How to Make Coconut Milk
At Kijongo Bay, we are lovers of anything coconut, so we thought we would let you in on our secret on how we make our creamy coconut milk, which is served daily at breakfast.
Being situated right on the beach, surrounded by coconut palms, access to fresh coconuts doesn't pose a problem here at Kijongo Bay.
Coconut milk's rich and creamy taste, with its hint of sweetness and tropical flavour, goes really well with fresh fruit, and is fantastic when added to our freshly made Mocktails and Cocktails.
Homemade coconut milk is so simple and uses just two ingredients - fresh coconut flesh and water!
The very first step, is to choose your coconut. For coconut milk, a mature coconut is what you need.
What is the correct coconut?
There are two things to test to make sure you have a good coconut.
Firstly, pick up your coconut and give it a good shake. The nut should feel heavy for its size, and you should feel and hear sloshing from inside.
Secondly, look for cracks or leaks in the shell. If there are any cracks or leaks, the chances are that the meat inside will not be good.
Did you know that every coconut has eyes? If you look carefully at a mature coconut, you will see three eyes (or pores), this where the coconut seed germinates and a shoot emerges.
Once you have chosen your coconut, the next step is to open it.
So, how do you open a mature coconut?
Begin by poking holes in the coconut eyes, you can now drain off the coconut water into a glass. The coconut water can be used for other recipes or added to your coconut milk for a more coconutty flavour. The water should smell sweet and should be translucent and mostly clear.
Wrap your coconut in a towel or cloth, and hit it with a hammer, or the back of a cleaver, across the middle of the nut.
Here's how to make homemade coconut milk.
Once your coconut is in two halves, or many pieces, you need to extract the coconut flesh from the shell. There are several methods to do this.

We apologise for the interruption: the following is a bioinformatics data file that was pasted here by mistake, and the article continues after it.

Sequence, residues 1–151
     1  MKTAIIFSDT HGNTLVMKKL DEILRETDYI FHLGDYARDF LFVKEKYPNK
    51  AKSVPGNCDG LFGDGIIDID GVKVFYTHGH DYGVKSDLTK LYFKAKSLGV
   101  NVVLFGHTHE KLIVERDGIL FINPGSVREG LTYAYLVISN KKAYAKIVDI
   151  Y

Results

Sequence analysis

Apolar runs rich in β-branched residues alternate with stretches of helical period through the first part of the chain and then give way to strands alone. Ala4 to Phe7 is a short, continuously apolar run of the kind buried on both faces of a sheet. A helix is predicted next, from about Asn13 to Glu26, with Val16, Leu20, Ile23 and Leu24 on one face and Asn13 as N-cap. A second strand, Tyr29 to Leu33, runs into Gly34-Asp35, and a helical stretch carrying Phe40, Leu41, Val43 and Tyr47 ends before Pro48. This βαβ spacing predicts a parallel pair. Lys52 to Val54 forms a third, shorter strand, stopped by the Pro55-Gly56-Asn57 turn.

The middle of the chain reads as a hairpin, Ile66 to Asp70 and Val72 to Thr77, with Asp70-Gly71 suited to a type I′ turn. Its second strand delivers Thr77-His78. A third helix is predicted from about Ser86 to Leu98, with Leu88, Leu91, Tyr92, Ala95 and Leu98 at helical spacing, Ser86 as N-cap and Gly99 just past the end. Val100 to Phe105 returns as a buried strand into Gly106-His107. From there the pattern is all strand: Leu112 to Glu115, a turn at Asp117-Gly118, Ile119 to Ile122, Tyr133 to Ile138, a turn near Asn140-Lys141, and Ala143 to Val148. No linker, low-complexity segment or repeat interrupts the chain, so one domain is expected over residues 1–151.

At Kijongo Bay, we use a traditional and very efficient method, which scrapes out and automatically grates the coconut flesh.
.We use a coconut stool, that admittedly, looks more like a medieval torture device, but is used throughout the world to extract coconut meat.
If you don't posses a coconut stool, you can use a butter knife, which you simply wedge in between the meat and the coconut shell. By carefully rocking the knife backwards and forwards you can separate the meat from the hard shell. You may find a thin layer of brown skin left on the coconut meat, but you can leave this on. As the layer of skin doesn’t alter the taste of the coconut milk and everything is strained, so it will eventually be discarded.
If using the knife method, it is best to grate your cut coconut meat before adding it to a high-speed blender.
Add a little water and blend on high for 1 to 3 minutes until you end up with a smooth consistency. The amount of water that you add, depends on how diluted you prefer your milk. It is, perhaps best, not to add too much water, as you can always add more after straining, depending on how you prefer your milk.
For extra flavour, instead of adding water, you can use the coconut water that came from the shell.
Strain the resultant liquid, using a sieve and give the meat a good squeeze or push down with the back of a spoon, ensuring you catch all that creamy homemade coconut milk, as you squeeze and strain.
The end result of your labour is a rich flavoursome homemade coconut milk, which you can either serve immediately or store for up to four days in the fridge.
Cooks Tip: You can dry the leftover coconut meal, to make coconut flour. At Kijongo Bay, we bake our left over coconut meal to make gluten free coconut flour.
We love coconuts, because absolutely nothing is wasted.